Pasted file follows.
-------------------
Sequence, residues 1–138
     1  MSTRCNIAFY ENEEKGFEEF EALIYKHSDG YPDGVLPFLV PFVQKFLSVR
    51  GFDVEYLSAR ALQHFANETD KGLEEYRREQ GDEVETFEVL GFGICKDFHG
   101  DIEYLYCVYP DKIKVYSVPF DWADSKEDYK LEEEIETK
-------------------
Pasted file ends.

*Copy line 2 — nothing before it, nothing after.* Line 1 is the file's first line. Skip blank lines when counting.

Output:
     1  MSTRCNIAFY ENEEKGFEEF EALIYKHSDG YPDGVLPFLV PFVQKFLSVR